The biggest problem for companies, in his view, is the worldwide supply chain disruption that has led to tighter resource constraints, leading to price increases. “If climate change and the resulting economic damages lead to ongoing intermittent problems with supply chains, then they will remain a risk factor for the world economy,” he says.

Stagflation concept

The end of customer-centric supply chains? 

International business leaders are warning that global supply chains are at risk of collapse, with current disruptions likely to worsen shortages of essential goods from electronics to food, fuel, and medical supplies in the run-up to the festive period.

The problems have been caused by border restrictions and other COVID measures as well as factory closures that have created congestion at ports, delivery delays and soaring shipping costs on routes between China, the US and Europe. The lack of transport workers has made matters worse; the UK government is deploying soldiers to deliver petrol after Brexit worsened a shortage of truck drivers.

In response, some companies have been ‘reshoring’ production back or near home to improve resilience. Carlos Cordon, IMD Professor of Strategy and Supply Chain Management, says this is necessary to correct a mismatch between supply and demand caused by heightened geopolitical tensions and COVID, even if it turns global trade from a deflationary to an inflationary force; cheap mostly Asian labor has kept production costs down hitherto.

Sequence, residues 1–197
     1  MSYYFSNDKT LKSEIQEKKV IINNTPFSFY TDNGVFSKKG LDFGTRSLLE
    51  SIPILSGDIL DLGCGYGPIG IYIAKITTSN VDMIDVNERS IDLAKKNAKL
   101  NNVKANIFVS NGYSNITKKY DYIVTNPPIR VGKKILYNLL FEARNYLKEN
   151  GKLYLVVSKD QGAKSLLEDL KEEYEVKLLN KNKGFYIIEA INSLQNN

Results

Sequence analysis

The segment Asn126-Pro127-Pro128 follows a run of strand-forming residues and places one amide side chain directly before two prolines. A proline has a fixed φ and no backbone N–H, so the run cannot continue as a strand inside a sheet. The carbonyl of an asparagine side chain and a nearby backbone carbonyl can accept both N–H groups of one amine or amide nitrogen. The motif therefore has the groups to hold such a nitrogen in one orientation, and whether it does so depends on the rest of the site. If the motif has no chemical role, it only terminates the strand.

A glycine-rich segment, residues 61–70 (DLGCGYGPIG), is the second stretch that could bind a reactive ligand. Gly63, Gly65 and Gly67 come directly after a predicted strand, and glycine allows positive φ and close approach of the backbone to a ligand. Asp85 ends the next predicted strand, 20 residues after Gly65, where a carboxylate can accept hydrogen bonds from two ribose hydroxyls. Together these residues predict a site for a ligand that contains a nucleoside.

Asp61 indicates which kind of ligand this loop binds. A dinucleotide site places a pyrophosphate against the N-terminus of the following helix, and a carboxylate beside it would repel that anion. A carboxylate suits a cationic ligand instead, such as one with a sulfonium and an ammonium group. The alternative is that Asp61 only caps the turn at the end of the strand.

Cordon also expects a shift away from customer-centric supply chains, citing the cancellation of next year’s Geneva International Motor Show due to the semiconductor shortage and other pandemic-related issues. “Why would car companies present new models that they can’t make and deliver because of the lack of components?” he says.

Moving forward, “we might design services and products around what we have available, like chefs who prepare dishes depending on the availability of the season”.

Focus on talent retention and attraction will follow